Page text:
I’m going tux shopping this weekend (I’m not just bein’ fancy, I’m getting married in June) – does anybody have last minute bits of advice? Things to avoid? Styles that are no longer stylish?
Once you get the ‘Dumb and Dumber’ orange and blue tuxedo jokes out of your system, drop a comment and let me hear what you think. [Brett: I was gonna say the ‘Dumb and Dumber’ thing, so you kinda stole my overused, hacky thunder.]
But before that, let’s talk about some news from around the league …
- Upon learning that he was being traded to the reigning World Series champion Houston Astros, Gerrit Cole was understandably excited, but made some comments that could be read as an indictment of the Pittsburgh Pirates (emphasis, mine): “It’s really special,” Cole said in his debut press conference yesterday. “Obviously, the organization puts — values me very high, and that always feels good as a player. And it’s refreshing to come to an environment where the team is willing to continually put resources into the club and continue to move forward and try to provide the best possible product for its fans.” I’m not entirely sure that was meant to be as pointed as it may read, but Elizabeth Bloom (Pittsburgh Post-Gazette) suggests we can read between the lines. What do you think?
- It’s funny – Although I know the Pirates are rarely one of the more spending teams in baseball, I’ve often considered them a formidable team in terms of organizational planning, scouting, strategy, etc. over the past five to eight years, at least. Not unlike the Rays, the Pirates of this decade always seem to have a good inflow of young players and repurposed veterans. I know the last five years of competitiveness didn’t amount to much in the trophy case, but it’s hard for me to square the results with reports that “thousands sign petition urging Pirates owner Bob Nutting to sell the team.” Over 40,000 fans have signed a petition to remove Nutting, who is being labeled a “greedy owner,” and who is not willing to put competitive teams on the field year in and year out. The Andrew McCutchen trade was apparently the final straw. It’s not like a new owner can magically make Pittsburgh a better/bigger market, but you’re going to increasingly hear these types of calls as more teams strip down in an era of surging league-wide revenues.
- Moving on …
— MLB (@MLB) January 17, 2018
- At MLB.com, Mike Petriello writes about the various future Hall-of-Famers playing in 2018, separating them into buckets with the four you see above listed as “the absolute locks.” Indeed, all four of those players are absolute locks, and yet I can already tell you that none of them will be unanimous, which is representative of a much bigger HOF voting problem. Check out Petriello’s list, because he goes 45 players deep making the case for various levels of players (including two great years or less). Anthony Rizzo and Kris Bryant both make an appearance, and it’s pretty easy to see how the latter especially, after three unbelievably great years to start his career, is on the right path.
- Speaking of those sure-fire Hall-of-Famers, Albert Pujols is planning on adjusting his playing time a bit next year to accommodate Shohei Ohtani (remember him?). Basically, Pujols will probably have to play in the field a bit more, so that Ohtani can DH more frequently. Of course, the last time Pujols played first base regularly was back in 2015, so we’ll see how that goes. Reminder, Pujols is entering 2018 just 32 hits shy of 3,000, and just 16 homers shy of surpassing Ken Griffey Jr. for 6th all-time. More on him, Ohtani, and the Angels plans at MLB.com.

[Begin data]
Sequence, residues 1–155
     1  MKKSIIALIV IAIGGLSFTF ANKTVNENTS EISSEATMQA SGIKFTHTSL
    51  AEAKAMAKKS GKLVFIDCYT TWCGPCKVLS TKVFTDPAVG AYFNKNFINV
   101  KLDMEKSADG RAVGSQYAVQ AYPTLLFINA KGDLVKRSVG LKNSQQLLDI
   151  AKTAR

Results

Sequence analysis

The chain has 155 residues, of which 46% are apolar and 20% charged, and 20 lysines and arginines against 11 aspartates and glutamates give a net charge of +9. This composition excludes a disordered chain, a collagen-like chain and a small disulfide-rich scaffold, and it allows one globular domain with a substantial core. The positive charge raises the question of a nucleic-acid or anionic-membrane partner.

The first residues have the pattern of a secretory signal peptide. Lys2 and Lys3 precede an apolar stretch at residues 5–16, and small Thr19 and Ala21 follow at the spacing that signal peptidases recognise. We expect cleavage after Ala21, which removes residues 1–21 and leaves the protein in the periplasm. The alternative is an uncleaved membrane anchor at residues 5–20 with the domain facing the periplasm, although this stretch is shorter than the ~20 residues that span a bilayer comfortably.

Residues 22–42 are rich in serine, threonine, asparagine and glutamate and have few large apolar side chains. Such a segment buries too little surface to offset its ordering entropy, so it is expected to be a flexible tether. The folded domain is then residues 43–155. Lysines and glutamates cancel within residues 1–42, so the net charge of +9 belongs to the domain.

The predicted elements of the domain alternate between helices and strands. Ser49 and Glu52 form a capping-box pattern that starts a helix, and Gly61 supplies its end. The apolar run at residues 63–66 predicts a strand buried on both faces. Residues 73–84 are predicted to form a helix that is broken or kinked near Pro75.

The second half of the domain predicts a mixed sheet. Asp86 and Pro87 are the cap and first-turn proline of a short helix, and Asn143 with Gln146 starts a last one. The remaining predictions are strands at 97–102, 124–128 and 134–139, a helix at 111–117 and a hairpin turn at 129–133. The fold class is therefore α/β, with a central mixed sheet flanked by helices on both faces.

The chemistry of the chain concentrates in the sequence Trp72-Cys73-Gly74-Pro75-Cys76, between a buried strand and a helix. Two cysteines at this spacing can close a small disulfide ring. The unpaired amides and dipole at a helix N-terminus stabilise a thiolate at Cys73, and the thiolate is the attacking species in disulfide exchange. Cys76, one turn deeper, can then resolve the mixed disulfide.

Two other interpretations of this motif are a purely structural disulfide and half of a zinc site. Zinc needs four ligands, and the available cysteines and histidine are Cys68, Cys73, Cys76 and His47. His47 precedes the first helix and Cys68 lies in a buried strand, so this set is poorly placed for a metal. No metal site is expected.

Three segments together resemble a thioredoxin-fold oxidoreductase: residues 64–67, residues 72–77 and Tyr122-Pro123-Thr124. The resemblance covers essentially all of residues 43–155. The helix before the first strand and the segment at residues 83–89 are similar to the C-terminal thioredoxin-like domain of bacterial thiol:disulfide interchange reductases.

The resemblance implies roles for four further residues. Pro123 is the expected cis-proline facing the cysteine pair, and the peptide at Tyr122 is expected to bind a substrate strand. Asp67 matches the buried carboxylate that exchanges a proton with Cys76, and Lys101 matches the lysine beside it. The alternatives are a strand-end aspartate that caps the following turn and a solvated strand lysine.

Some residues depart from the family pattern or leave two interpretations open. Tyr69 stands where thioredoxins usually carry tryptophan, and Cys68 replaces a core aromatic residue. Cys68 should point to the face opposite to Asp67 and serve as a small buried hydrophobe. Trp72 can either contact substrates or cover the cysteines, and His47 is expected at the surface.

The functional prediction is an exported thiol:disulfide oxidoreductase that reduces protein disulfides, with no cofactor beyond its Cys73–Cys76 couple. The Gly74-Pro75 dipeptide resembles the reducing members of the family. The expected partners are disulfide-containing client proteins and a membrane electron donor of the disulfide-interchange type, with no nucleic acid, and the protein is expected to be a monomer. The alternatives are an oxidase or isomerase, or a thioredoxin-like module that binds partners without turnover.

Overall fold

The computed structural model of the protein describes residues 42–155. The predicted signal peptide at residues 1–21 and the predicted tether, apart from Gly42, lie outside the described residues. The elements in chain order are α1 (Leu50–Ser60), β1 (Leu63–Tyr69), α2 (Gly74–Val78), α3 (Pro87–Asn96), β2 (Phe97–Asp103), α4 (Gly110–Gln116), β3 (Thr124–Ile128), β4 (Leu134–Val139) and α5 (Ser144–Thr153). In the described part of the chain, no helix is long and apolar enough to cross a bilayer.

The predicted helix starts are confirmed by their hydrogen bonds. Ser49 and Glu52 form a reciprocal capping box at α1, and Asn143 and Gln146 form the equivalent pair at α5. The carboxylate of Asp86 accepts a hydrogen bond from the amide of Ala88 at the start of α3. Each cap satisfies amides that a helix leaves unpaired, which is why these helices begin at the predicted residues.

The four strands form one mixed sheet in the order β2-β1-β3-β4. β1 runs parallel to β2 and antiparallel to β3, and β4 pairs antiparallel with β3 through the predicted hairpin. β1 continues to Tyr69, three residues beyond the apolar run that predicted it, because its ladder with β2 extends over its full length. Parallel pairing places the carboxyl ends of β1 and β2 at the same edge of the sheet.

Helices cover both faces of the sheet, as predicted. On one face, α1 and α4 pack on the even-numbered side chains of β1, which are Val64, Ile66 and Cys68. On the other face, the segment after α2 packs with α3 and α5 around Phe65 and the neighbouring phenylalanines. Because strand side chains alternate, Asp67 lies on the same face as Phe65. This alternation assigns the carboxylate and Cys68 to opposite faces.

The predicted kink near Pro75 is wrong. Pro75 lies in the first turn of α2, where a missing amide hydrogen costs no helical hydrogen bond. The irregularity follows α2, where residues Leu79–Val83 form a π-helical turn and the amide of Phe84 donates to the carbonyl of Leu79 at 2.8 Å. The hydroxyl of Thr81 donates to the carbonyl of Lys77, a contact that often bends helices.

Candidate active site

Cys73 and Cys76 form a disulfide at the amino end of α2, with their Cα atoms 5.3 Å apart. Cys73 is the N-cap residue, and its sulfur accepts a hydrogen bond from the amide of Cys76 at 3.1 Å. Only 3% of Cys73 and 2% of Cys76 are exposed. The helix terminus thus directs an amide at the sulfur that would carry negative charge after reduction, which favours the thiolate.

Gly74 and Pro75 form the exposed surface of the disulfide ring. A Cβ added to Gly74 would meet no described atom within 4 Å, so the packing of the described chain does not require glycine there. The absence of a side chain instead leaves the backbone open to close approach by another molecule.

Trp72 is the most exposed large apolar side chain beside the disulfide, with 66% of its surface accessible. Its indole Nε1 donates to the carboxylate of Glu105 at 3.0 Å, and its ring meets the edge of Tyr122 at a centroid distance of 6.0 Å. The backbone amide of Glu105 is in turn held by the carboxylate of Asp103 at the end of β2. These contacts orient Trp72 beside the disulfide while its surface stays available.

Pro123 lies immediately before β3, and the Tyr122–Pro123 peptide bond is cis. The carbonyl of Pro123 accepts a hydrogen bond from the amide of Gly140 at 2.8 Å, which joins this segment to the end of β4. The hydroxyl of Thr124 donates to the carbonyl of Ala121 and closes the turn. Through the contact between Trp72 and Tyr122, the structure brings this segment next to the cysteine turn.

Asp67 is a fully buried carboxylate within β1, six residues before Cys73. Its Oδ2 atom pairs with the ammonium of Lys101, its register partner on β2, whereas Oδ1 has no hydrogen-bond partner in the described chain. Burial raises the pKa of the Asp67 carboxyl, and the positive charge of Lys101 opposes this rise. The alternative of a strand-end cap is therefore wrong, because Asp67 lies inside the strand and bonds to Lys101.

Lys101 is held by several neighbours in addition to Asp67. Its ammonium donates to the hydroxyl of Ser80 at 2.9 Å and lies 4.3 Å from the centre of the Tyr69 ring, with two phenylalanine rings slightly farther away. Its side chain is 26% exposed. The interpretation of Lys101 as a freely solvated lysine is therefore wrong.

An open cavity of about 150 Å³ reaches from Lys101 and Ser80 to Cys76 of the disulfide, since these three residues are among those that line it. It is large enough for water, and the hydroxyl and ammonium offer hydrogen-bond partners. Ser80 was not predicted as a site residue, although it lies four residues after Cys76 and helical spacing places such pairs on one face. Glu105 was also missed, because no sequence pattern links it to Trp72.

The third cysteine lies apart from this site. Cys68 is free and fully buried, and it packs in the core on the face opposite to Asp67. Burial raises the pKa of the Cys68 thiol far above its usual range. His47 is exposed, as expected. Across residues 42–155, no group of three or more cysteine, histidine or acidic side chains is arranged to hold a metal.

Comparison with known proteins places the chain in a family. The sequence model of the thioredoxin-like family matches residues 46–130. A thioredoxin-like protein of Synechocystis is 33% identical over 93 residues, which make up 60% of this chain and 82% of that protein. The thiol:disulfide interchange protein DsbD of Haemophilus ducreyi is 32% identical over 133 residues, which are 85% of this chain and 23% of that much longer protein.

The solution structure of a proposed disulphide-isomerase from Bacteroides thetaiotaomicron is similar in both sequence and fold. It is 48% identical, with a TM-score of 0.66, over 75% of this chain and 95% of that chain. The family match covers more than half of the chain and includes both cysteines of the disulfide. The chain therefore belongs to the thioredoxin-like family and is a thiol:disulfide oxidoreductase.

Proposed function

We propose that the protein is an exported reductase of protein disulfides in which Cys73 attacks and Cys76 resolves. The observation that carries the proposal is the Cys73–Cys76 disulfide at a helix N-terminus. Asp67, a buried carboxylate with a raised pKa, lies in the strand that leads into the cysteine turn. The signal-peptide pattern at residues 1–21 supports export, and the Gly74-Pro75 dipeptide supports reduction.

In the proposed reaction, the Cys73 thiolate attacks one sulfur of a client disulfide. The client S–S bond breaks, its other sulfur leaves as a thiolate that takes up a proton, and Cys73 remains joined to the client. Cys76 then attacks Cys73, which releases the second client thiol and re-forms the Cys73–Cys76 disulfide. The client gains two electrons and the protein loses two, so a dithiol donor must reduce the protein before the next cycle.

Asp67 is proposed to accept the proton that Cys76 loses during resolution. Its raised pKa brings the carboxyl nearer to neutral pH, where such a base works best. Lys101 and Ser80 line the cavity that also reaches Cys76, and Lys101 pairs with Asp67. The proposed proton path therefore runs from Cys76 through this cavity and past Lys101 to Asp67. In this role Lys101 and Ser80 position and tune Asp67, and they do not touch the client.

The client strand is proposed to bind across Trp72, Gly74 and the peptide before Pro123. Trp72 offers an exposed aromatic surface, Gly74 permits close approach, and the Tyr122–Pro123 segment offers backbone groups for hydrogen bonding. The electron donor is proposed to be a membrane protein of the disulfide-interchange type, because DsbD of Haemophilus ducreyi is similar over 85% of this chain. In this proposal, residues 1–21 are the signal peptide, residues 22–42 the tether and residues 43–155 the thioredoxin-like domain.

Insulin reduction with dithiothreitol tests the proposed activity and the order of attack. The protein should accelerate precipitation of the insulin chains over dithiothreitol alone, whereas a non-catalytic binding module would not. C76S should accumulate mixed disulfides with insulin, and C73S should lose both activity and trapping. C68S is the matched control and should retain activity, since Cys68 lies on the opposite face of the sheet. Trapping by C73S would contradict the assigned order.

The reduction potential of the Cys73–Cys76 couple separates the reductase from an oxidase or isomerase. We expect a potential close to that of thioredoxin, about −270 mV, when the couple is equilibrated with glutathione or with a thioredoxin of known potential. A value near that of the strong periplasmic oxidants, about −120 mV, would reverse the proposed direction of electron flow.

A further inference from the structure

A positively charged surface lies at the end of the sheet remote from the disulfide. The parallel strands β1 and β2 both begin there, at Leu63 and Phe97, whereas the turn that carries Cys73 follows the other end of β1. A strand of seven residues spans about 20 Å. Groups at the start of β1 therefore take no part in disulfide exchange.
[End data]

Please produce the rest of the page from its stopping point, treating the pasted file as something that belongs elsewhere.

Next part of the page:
- Also at MLB.com, Mike Petriello writes about how the Yankees bullpen is shaping up to be one of the very best of all-time. We already checked in on their projections earlier this year, and, yeah, they’re going to be really, really good.
- Sticking with the AL East, the Boston Red Sox ZiPS projections have been released and they look very solid once again. It seems obvious, to me, that the Yankees have a bit of an edge, but the Red Sox are likely to continue adding this offseason (J.D. Martinez?) to positions of weakness (DH and first base are both projected for just 1 WAR), so they could make another jump forward soon enough.
- The Cubs ZiPS have still not been released, by the way – they’re one of the nine teams remaining.
- Do you remember the Cubs’ former back-up catcher Dioner Navarro? He was really dominant at the plate for the Cubs back in 2013 (139 wRC+, 2.1 WAR *as a backup*) and last played for the Blue Jays in 2016. He didn’t play last season, but not because he wasn’t good enough. Navarro’s wife, Sherley, suffered a severe stroke and was not expected to survive. Navarro took the year off to be with and support her. Since then, Sherley has recovered from her coma and is conscious, but cannot walk or talk (and is not likely to ever again). Still, Navarro is holding out hope. He may return to baseball, but at this point it’s very unclear. It goes without saying that we’re pulling for both and wish Sherley the best of luck in her recovery. Count your blessings today.
- In what will be a candidate for my favorite headline of the year at The Hardball Times, Brian Reinhart asks if Prince Fielder is the Next Anthony Bourdain?
Hardball Times: Is Prince Fielder the Next Anthony Bourdain? https://t.co/X9vkAPc5CL
— FanGraphs Baseball (@fangraphs) January 17, 2018
- Oh, Prince. The write up on his TV show is both informative and hilarious.
- And finally, have you ever seen this video of a guy hitting a home run while spinning around backwards at the plate? It’s infuriatingly easy for him and amazing to watch. Where does this guy keep his horseshoe?
— Baseball is Fun (@flippingbats) January 18, 2018